We use conditionals to describe the result of a condition. Test what you know with interactive exercises and read the explanation to help you.
We can invert conditional sentences and remove the if, to give the sentence more formality. Remember, we create conditionals using ‘if’…
We can invert the first, second and third conditionals:
Recap: The first conditionals are used to describe situations that could be possible.
I’m going to the shops, call me if you need me.
If there is a problem, you can call me at the shops.
Inversion: We replace if with should and the verb is changed to the infinitive form. This is often used to make the request seem more polite or formal.
I’m going to the shops, call me should you need me.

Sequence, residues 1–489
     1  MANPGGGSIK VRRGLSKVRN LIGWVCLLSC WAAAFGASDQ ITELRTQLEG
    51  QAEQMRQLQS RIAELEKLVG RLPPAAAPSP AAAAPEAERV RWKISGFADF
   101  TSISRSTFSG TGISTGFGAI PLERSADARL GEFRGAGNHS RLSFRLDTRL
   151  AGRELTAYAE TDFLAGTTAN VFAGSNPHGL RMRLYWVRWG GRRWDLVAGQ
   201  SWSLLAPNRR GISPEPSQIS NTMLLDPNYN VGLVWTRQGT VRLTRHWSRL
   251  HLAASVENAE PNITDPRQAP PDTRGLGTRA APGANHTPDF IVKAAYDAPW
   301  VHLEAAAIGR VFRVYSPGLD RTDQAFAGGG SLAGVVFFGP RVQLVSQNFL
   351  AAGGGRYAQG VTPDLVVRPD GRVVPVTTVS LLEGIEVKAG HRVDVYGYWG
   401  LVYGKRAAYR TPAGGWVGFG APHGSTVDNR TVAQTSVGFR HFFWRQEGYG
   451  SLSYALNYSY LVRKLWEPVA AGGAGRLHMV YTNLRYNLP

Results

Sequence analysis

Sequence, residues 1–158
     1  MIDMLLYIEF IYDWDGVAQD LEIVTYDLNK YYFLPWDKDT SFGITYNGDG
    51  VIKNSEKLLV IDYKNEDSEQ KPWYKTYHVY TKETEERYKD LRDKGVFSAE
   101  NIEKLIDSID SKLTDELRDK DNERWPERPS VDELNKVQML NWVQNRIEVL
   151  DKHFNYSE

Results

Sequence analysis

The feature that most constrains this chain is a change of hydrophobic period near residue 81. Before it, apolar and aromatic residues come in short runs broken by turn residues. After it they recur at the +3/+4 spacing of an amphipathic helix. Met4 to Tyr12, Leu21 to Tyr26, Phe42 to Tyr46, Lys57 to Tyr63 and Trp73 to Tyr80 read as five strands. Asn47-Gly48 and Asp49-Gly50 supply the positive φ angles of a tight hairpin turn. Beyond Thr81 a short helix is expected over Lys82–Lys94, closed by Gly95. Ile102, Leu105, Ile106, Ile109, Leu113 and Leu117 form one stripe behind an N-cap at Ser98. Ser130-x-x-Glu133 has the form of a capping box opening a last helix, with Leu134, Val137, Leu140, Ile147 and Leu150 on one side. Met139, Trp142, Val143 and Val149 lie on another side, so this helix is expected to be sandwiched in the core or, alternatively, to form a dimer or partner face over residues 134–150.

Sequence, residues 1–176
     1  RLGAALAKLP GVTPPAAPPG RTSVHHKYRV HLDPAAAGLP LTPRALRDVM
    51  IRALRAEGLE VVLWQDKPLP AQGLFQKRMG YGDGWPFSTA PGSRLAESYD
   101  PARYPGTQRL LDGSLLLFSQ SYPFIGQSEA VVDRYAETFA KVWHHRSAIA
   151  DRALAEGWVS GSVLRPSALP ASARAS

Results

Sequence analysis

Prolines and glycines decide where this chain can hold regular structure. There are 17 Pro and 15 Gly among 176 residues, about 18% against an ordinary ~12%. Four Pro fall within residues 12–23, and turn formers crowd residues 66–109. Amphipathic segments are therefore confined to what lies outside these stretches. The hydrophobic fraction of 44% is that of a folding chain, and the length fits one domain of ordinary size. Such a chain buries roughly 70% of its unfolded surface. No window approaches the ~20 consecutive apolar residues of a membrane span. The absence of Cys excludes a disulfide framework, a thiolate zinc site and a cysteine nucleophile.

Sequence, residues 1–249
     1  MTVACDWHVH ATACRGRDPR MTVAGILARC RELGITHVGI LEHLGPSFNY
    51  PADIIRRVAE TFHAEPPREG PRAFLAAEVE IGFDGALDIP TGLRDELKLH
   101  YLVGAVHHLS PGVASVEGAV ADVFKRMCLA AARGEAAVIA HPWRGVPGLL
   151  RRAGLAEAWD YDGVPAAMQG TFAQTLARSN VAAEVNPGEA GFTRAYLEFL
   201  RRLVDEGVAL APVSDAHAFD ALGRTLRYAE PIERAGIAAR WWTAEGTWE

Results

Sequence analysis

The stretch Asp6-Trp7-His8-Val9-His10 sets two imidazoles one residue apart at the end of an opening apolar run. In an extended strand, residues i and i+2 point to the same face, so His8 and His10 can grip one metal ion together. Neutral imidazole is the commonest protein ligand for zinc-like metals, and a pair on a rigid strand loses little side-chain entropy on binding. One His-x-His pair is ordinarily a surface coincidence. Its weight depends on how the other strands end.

Should there be a problem, you can call me at the shops.
Recap: The second conditional is used when we want to describe a situation a is unlikely or impossible.
Where do you think you would go if you had a million dollars?
If you had to run a marathon tomorrow, do you think you could?
Inversion: Inverting these sentences is done by changing if with were and the verb form to to + infinitive.
Where do you think you would go were you to have a million dollars?
Were you to have to run a marathon tomorrow, do you think you could?
If a sentence uses the verb be, we can replace the be with were, and swap the subject and verb.
If the weather was sunny I would go out.
Were the weather sunny I would go out
Recap: Third conditional sentences are used to when we want to change something in the past to effect the present.
If I went out this morning, I would feel better now
I would have skipped lunch, if I known we were going out for dinner.
Inversion: For third conditional sentences, take out if and swap the subject and verb had.
Had I went out this morning, I would feel better now
I would have skipped lunch, had I known we were going out for dinner.